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PathWays PA Special Budget Alert: March 14, 2012

Budget Update

PENNSYLVANIA BUDGET UPDATE

Recently, the Pennsylvania Budget and Policy Center hosted their annual Budget Summit. This Summit provided an in depth look at the state and federal budget plans and how they are impacting communities through out the state.

Numerous presentations were made at the Summit and PBPC has shared all of the information online. If you would like to access the materials used at the summit and view some of the presentations just visit: http://pennbpc.org/2012-pennsylvania-budget-summit.


PHILADELPHIA’S BUDGET UPDATE

Last week Mayor Nutter gave his budget address, which put spending this year slightly above last year’s ($3.6 billion compared to $3.5 billion). No major cuts are expected but that may change based on the state budget. The Mayor’s current plan does not include any major tax increases for Philadelphia, however, he did announce plans for a new property assessment system that will bring in an extra $90 million in revenue.

Below are some of the specific spending in the Mayor's budget:
  • $4 million to hire 400 new police officers.
  • $7 million will be reinvested into neighborhood libraries.
  • $9 million for design work to build a new Police Administration Building, at 46th and Market Streets in West Philadelphia.
  • $20 million in capital funds for a full-scale renovation of JFK Plaza, better known as “Love Park.”
  • $1 million for the Office of Supportive Housing to help maintain the number of beds in shelters when the Ridge Avenue Men's Shelter closes.
Additionally, the Mayor made the following proposals:
  • A partnership with Children’s Hospital to build a new health center in South Philadelphia.
  • Asking the city's unions to contribute more toward their costs to the city. The Mayor is proposing that new hires to sign onto a "hybrid" contract and for current employees to pay more into their pensions.
  • The city will be opening its first ever traffic control center.
City Council will begin budget hearings this week as they must approve the Mayor’s proposals before a budget is finalized.

Events/Opportunities

HOW WILL STATE BUDGET IMPACT SOUTHEASTERN PA?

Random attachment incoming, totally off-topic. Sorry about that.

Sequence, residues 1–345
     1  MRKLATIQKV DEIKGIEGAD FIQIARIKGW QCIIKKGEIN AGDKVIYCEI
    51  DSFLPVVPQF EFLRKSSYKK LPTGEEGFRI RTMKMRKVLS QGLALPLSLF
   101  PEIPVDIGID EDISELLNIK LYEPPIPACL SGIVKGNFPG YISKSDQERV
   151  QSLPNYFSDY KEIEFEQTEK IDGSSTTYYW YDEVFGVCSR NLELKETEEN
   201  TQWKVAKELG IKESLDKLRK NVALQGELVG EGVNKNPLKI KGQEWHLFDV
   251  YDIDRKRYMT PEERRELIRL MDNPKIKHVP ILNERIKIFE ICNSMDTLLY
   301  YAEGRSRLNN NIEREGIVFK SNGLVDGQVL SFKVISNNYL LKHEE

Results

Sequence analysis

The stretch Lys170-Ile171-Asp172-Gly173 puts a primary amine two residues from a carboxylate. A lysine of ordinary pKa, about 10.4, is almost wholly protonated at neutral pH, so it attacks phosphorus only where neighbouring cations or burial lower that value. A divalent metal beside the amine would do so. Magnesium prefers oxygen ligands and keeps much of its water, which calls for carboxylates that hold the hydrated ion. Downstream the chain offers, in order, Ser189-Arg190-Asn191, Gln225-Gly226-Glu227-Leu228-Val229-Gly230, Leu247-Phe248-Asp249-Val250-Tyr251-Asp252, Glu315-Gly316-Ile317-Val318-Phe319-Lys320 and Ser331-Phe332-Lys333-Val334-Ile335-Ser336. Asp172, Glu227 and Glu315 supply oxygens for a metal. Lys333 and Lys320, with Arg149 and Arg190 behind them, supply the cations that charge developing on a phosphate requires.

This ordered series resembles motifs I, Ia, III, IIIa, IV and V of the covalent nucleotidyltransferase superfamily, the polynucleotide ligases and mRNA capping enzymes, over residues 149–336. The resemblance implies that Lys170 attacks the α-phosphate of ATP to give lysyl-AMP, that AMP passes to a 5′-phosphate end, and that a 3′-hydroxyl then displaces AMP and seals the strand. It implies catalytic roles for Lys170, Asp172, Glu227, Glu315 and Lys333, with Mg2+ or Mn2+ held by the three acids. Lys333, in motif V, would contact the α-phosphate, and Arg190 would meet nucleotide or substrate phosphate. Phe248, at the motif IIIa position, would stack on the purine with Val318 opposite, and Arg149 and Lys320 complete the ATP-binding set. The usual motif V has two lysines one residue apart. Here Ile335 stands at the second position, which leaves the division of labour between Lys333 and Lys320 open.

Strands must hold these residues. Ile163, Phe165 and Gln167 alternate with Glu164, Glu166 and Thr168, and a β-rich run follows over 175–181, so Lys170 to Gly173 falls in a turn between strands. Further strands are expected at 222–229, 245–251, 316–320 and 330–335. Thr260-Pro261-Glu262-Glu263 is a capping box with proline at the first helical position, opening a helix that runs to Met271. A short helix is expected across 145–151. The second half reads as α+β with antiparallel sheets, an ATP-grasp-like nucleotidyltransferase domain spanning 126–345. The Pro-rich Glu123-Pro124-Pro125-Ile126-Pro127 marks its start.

State Senator Daylin Leach, Bucks County Commissioner Diane Marseglia and Montgomery County Commissioner Josh Shapiro are among the speakers at the Pennsylvania Budget and Policy Center's (PBPC) first Southeastern PA Budget Summit to be held this Friday in Philadelphia.
Join PBPC to learn about the 2012-13 state budget and how it will impact the lives of people living in Southeastern Pennsylvania.

WHEN: March 16th, 9:00 to 11:30
WHERE: United Way of Southeastern Pennsylvania, 1709 Benjamin Franklin Parkway, Philadelphia, PA

The event is open to anyone who wants to learn more about the state budget. Please RSVP here.

For more information visit http://pennbpc.org/phillysummit. If you have any questions, please email Stephanie Frank.


MAXIMIZING "FOSTERING CONNECTIONS" CONFERENCE CALL

Join the Juvenile Law Center and Pennsylvania Partnerships for Children for a conference call to learn about Governor Corbett’s budget proposal to fully implement the federal Fostering Connections to Success and Increasing Adoptions Act in Pennsylvania and how you can help.

WHEN: March 20th, 12:30 to 1:30

To join the call dial 866-537-1633 and enter the passcode 9199356. Please RSVP for the call by emailing jruben@papartnerships.org.

Prior to the call, you can access the report Juvenile Law Center and Pennsylvania Partnerships for Children released on Fostering Connections.

SAVE PENNSYLVANIA'S BRIDGE TO SAFETY AND SELF-SUFFICIENCY: TALK TO YOUR LEGISLATORS ABOUT THE IMPORTANCE OF GENERAL ASSISTANCE

In 2007, Hadley was recovering from a brain injury without access to rehabilitation or supportive family members. Until learning about and qualifying for General Assistance (GA), Hadley says, "It was me and my four cats living in my car... It was only that I received help from GA that I was able to temporarily go into a homeless shelter in Carlisle, get food help and my four cats were able to be fostered together."

Hadley is one of many using General Assistance as a bridge to self-sufficiency. In Pennsylvania, 67,000 individuals from across the state who are suffering from disabilities, fleeing from abusers, or recovering from drug and alcohol abuse rely on GA as a program of "last resort." Yet in the proposed budget for next year, GA is nowhere to be found.

If you support the GA program, please take a moment to share your reasons with the Governor, state legislators, and the Department of Public Welfare.

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